Girl Scouts Are Training the Next Generation of Female Hackers

The girls youth organization recently announced 18 new cybersecurity badges and a program to teach Scouts coding, data privacy, and online safety.
June 19, 2017, 5:56pm
Image via Girl Scouts of the USA

In the future, Girl Scouts may prevent the next Russian cyberattack in between selling Thin Mints. The girls youth organization recently announced the introduction of 18 new cybersecurity badges, which will be introduced in September 2018.

In the past, Girl Scouts have been rewarded with badges for mastering skills like first aid, painting, and jewelry making. Now, in a partnership with security firm Palo Alto Networks, they'll be able to earn badges in cybersecurity, too. Scouts in kindergarten and first grade, known as Daisies, will be taught the basics of data privacy and online safety, while older Scouts up to grade 12 will be introduced to coding, firewalls, and how to become a "white hat hacker" (coder-slang for a hacker who uses her skills for good, not evil).

Read more: Trans Girl Scout Stands Up to Real Cookie Monster Who Called Her 'Boy in Dress'

"At Girl Scouts of the USA, we recognize that in our increasingly tech-driven world, future generations must possess the skills to navigate the complexities and inherent challenges of the cyber realm," Girl Scouts CEO Sylvia Acevedo said in a press release.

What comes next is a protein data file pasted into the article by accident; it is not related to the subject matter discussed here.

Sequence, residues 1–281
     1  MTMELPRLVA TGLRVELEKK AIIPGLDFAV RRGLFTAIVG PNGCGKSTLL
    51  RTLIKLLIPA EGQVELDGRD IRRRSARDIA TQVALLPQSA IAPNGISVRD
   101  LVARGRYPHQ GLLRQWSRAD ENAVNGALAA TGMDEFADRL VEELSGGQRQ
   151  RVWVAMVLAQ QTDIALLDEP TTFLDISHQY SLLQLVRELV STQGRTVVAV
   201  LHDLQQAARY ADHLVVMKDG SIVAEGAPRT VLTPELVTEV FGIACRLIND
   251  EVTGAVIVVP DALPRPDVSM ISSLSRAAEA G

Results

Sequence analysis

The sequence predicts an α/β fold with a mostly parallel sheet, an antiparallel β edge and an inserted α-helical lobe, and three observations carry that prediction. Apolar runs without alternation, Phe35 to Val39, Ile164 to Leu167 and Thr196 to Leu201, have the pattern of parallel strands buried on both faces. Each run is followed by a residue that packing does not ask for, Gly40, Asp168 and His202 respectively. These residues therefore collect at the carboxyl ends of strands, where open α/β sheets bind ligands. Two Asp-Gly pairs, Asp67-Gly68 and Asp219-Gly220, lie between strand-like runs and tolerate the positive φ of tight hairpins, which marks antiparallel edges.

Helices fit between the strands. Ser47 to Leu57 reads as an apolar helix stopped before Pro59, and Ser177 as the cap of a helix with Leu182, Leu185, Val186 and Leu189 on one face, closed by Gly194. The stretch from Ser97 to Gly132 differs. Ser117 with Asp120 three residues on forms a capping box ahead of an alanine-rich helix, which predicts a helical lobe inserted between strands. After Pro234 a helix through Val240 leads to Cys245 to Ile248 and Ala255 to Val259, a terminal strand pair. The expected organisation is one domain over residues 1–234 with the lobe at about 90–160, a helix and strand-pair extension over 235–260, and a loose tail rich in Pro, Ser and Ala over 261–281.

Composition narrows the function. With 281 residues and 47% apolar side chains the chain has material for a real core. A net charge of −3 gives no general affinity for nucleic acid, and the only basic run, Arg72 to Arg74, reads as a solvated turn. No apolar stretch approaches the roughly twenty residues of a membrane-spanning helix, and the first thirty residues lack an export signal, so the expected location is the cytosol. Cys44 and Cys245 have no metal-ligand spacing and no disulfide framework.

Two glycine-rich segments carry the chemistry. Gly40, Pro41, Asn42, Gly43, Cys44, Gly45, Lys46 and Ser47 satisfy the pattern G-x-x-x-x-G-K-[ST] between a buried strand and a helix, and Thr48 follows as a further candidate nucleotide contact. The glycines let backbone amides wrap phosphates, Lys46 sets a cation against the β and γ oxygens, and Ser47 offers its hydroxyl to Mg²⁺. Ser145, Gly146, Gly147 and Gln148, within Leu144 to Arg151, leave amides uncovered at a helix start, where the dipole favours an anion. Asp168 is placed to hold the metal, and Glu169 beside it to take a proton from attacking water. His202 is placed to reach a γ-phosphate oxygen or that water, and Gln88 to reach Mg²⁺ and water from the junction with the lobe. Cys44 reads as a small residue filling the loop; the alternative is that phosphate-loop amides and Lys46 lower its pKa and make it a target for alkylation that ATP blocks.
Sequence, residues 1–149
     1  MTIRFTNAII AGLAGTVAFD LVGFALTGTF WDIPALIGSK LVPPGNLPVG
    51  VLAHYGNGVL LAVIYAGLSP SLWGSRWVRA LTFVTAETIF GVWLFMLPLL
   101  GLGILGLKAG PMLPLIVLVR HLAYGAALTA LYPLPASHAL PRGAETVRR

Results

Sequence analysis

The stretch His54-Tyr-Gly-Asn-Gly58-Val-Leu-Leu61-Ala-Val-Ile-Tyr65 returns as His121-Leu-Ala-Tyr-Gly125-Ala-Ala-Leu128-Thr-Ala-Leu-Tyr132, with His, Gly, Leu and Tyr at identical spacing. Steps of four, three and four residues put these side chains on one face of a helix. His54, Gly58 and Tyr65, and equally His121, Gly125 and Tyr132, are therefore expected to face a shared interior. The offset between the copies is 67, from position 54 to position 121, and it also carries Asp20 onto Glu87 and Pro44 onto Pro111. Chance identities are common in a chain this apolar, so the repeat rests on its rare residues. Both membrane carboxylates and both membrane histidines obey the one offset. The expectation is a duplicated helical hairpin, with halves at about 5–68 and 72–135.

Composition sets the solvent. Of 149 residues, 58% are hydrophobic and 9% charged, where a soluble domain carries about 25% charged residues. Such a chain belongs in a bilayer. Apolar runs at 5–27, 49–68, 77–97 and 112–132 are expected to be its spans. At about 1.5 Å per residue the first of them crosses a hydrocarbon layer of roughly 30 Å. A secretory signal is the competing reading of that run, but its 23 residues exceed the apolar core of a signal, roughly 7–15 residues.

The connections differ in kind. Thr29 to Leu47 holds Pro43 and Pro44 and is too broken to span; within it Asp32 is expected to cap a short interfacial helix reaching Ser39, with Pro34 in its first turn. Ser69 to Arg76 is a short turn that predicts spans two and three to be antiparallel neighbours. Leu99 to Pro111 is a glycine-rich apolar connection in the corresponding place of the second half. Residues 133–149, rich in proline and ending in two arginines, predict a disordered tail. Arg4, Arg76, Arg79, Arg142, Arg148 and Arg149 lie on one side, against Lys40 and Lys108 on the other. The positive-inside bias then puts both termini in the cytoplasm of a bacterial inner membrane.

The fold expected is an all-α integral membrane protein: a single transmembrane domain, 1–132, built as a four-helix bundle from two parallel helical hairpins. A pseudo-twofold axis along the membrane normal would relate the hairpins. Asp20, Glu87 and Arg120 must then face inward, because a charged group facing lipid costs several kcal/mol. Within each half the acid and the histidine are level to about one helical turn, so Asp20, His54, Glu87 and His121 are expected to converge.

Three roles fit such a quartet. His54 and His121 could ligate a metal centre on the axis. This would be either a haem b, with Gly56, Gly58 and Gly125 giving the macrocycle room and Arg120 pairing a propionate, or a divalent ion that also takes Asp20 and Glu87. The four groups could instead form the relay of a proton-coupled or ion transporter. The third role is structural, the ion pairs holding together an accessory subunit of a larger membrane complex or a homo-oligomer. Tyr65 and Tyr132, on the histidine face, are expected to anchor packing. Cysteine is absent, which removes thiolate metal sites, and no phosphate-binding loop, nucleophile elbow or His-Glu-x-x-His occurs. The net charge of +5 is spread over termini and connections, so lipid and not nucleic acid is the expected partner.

With this partnership, Girl Scouts hopes to introduce girls to computer and internet literacy and provide access to a demographic that is often left out of the burgeoning field. According to a recent study, women are grossly underrepresented in the global cybersecurity industry, making up only 11 percent of the workforce. Furthermore, the Computing Technology Industry association reports that 69 percent of women who have not pursued careers in information technology attribute their choice to not knowing what opportunities are available to them.

For More Stories Like This, Sign Up for Our Newsletter

"It is our hope that our collaboration will serve to cultivate our troops' budding interest in cyber security by providing access to invaluable knowledge that may otherwise not be available to girls," said Acevedo.

While there have been past cyber-related programs at the local level (like the Game Design badge available to LA-based Scouts), the organization's new commitment to cyber security education means that all 1.8 million Girl Scouts across the country will have access to learning these skills and, of course, earning the badges to prove it.